Elementary school west of Bel Air tops board's list of construction priorities

June 18, 1995|By Tanya Jones | Tanya Jones,Sun Staff Writer

The area west of Bel Air soon will need a new elementary school, ahead of the Route 924 corridor that stretches south of the city, the school board decided last week.

But County Executive Eileen M. Rehrmann's administration is not convinced that a new school near Vale Road is needed before a new school in the Abingdon area.

Mrs. Rehrmann wants to see more numerical proof that the "West Bel Air" area school will be needed in the next three years, said the county executive's spokesman, George Harrison. "Our most critical [area] at this point is Abingdon."

The West Bel Air school is scheduled for planning money from the county in 1998, he said.

Harford needs to present a unified front -- from the school board to the executive administration to state delegates -- when it starts asking the state for school construction money in September. That is the deadline for applications for state planning approval and funding for construction projects with the Interagency Committee on School Construction.

The county's unified front and lobbying by the Harford delegation earlier this year earned the county full funding for the 600-student Forest Lakes area elementary school.

But that school, scheduled to open in 1997, will not hold all the children expected to come from developments on that side of town, said Deputy Superintendent Albert F. Seymour.

As many as 2,000 more students by the end of the century would overload the Forest Lakes, Bel Air, Forest Hill, Hickory, Homestead/Wakefield and Prospect Mill elementary schools, unless another school for the area of west of Bel Air is built, Mr. Seymour said at the school board meeting.

The next priority in the county's growth corridor would be another elementary in the Route 924 area, scheduled for planning in 1997.

The board settled on the West Bel Air school after nearly an hour of discussion. But member George D. Lisby wanted to delay planning any new school. "Let's delay for just one year to get a better handle on the number of students," he said.

School Superintendent Ray R. Keech and other board members insisted that they should request state planning approval for the new school this year.

The West Bel Air school tops the board's list of construction priorities through 2002.

The board also voted to freeze about $750,000 earmarked for computers and software purchases in the 1995-1996 operating budget. The money includes $400,000 that Mrs. Rehrmann and the county council added to the board's original computer request.

"No money allocated in the 1995-1996 budget may be expended on computer equipment until the plan is approved by the board," said board President Ronald R. Eaton. He wants to see a comprehensive plan for how computers will be used in schools.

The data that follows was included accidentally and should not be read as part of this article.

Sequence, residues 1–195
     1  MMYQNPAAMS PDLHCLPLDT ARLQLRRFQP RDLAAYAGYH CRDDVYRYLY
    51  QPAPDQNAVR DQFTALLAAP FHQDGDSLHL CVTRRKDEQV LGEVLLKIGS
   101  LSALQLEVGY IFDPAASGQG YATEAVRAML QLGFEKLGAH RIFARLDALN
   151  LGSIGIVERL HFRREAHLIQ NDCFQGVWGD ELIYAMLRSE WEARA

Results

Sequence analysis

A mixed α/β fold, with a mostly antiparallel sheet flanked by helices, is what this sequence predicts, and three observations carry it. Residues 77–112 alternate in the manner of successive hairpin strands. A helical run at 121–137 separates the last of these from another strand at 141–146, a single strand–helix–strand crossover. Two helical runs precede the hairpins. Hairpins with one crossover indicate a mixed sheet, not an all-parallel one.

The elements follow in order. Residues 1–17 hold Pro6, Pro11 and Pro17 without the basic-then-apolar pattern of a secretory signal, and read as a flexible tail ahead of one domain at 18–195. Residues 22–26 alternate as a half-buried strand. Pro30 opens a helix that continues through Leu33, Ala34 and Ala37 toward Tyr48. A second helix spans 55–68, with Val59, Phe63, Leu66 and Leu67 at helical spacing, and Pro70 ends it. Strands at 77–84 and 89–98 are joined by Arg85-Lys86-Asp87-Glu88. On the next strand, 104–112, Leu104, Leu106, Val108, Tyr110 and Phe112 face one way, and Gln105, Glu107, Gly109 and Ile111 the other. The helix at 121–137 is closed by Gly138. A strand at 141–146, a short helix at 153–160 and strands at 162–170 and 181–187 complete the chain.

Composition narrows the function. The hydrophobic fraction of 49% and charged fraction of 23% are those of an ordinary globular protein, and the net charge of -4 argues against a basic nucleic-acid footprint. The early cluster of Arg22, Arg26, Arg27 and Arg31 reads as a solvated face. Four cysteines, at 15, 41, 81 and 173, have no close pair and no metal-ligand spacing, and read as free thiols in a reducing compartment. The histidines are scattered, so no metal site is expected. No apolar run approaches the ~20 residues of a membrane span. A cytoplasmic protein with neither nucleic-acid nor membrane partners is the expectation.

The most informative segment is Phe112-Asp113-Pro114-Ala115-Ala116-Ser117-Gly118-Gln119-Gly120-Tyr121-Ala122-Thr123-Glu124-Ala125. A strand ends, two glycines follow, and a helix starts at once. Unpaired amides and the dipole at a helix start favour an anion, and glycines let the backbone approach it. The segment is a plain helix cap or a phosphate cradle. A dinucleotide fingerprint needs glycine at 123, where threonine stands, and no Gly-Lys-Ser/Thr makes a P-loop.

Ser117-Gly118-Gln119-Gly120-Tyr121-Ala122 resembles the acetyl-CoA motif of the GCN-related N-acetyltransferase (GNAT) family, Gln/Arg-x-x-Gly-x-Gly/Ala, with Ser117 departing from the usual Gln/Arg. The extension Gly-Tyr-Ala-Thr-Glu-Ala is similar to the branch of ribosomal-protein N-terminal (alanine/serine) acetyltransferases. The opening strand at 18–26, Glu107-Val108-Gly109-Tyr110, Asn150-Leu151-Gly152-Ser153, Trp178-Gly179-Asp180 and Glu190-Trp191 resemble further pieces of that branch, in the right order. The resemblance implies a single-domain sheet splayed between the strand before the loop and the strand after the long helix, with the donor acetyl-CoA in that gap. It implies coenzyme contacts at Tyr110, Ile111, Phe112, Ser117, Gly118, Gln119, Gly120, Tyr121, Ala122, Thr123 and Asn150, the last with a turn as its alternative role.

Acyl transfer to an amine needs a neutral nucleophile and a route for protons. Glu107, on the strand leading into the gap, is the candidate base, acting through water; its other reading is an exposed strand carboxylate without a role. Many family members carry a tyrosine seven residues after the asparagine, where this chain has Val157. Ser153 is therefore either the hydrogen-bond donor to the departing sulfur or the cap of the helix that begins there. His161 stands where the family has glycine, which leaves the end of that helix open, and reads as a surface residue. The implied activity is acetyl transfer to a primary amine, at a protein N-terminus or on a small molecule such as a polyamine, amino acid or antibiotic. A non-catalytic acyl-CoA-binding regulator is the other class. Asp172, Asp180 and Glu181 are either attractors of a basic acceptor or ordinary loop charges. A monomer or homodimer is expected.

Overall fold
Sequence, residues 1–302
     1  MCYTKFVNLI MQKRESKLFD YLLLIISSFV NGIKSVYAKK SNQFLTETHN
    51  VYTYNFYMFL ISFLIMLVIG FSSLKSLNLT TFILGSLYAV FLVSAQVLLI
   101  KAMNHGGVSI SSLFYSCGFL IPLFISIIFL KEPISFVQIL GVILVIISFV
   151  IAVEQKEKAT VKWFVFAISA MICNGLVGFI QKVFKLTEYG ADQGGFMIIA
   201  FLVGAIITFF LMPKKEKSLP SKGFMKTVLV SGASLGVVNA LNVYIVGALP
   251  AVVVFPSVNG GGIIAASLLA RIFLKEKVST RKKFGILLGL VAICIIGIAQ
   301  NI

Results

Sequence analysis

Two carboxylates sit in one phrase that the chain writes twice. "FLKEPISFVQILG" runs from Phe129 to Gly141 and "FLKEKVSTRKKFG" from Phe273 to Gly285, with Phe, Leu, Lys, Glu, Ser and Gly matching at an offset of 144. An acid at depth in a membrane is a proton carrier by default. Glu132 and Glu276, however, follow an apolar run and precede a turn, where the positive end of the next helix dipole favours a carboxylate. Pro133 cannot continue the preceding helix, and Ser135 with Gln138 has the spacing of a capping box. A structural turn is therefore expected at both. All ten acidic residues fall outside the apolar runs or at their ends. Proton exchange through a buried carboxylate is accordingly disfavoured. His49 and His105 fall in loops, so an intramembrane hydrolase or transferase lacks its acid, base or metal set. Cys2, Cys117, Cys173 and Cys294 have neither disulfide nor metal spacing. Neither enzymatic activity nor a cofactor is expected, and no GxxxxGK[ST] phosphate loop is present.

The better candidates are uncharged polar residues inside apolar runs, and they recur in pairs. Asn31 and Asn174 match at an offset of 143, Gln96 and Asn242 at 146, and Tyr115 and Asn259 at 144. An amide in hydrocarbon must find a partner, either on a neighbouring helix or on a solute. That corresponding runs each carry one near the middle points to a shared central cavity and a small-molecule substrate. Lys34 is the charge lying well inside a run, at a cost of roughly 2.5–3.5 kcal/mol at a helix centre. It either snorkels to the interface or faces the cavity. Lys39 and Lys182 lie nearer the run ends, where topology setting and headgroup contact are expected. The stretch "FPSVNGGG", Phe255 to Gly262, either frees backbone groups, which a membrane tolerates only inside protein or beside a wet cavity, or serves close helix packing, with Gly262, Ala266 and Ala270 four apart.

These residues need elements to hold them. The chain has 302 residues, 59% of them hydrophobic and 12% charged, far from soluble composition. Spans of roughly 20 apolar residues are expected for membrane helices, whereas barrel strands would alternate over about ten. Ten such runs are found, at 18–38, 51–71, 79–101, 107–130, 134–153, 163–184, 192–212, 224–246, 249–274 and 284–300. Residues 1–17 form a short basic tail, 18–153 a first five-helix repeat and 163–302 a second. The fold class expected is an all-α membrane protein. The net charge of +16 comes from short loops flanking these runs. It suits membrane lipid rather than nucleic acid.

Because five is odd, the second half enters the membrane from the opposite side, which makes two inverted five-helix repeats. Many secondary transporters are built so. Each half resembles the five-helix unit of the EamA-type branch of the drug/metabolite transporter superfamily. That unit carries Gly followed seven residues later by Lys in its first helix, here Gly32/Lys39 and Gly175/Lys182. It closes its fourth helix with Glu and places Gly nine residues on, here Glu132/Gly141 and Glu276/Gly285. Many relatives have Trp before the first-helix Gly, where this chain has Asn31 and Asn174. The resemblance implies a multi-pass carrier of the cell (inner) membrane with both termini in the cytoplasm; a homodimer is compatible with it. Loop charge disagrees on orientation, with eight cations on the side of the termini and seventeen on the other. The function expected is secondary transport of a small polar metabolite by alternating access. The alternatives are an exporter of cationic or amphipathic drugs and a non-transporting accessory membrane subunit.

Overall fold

A technology supervisor, Phyllis Van Winkle, is scheduled to begin working for the school system on July 1, according to school system spokesman Donald R. Morrison. She will plan new computer purchases and coordination.

Before approving the budget with that recommendation, the board discussed the lack of funding for equipment and teachers for two prekindergarten classrooms now under construction.

The County Council did not approve a large enough increase in the school-system budget to equip and staff the two rooms.

But the classes for 4-year-olds are valuable, Mr. Eaton said. Many of the 4,000 single parents with children age 6 and under in Harford must work to support their families and need the free early education that prekindergarten classes provide, he said.

"We need to be more aggressive in this arena next time around," he said.

The board did not vote to shift money away from classroom teachers or other areas to staff the prekindergarten rooms at Riverside and Joppatowne elementary schools. Dr. Keech has offered the rooms to Head Start, an independent, federally funded program for needy 3- and 4-year-olds and their families.

In other action, the board:

* Approved the promotion of Stephen R. Williams to principal of Havre de Grace Middle School. He had been assistant principal of Havre de Grace High School since July and before that served in the same position at Aberdeen High School for three years. He came to the county as a guidance counselor at Edgewood High School in 1973.

* Named Carol Ann Baglin as the new supervisor of special education. She leaves her position as director of the Maryland Infants/Toddlers Prevention and Early Intervention program in the Governor's Office for Children, Youth and Families.

* Unanimously approved a stricter attendance policy, limiting excused absences for family vacations to five days per school year, though several members said the policy encroached on parental rights. The new attendance policy also reduces the number of unexcused absences allowed before students lose credit for a course.

* Scheduled three early dismissals and three delayed openings at elementary schools to allow more teacher planning time. Elementary students will be dismissed at 12:30 p.m. Oct. 18 and Nov. 29 and Jan. 24, 1996. Elementary schools will open two hours late March 27, April 24 and June 5, 1996.

In amending the school-year calendar, the board also approved a shift in high school graduations to Tuesday, Wednesday and Thursday, May 28 through May 30, 1996, instead of Wednesday, Thursday and Friday of that week. The traditional Friday graduations conflicted with the Jewish Sabbath, which begins Friday evening.

The school board will meet again Monday instead of the next week, to review the condition of school buildings and grounds.

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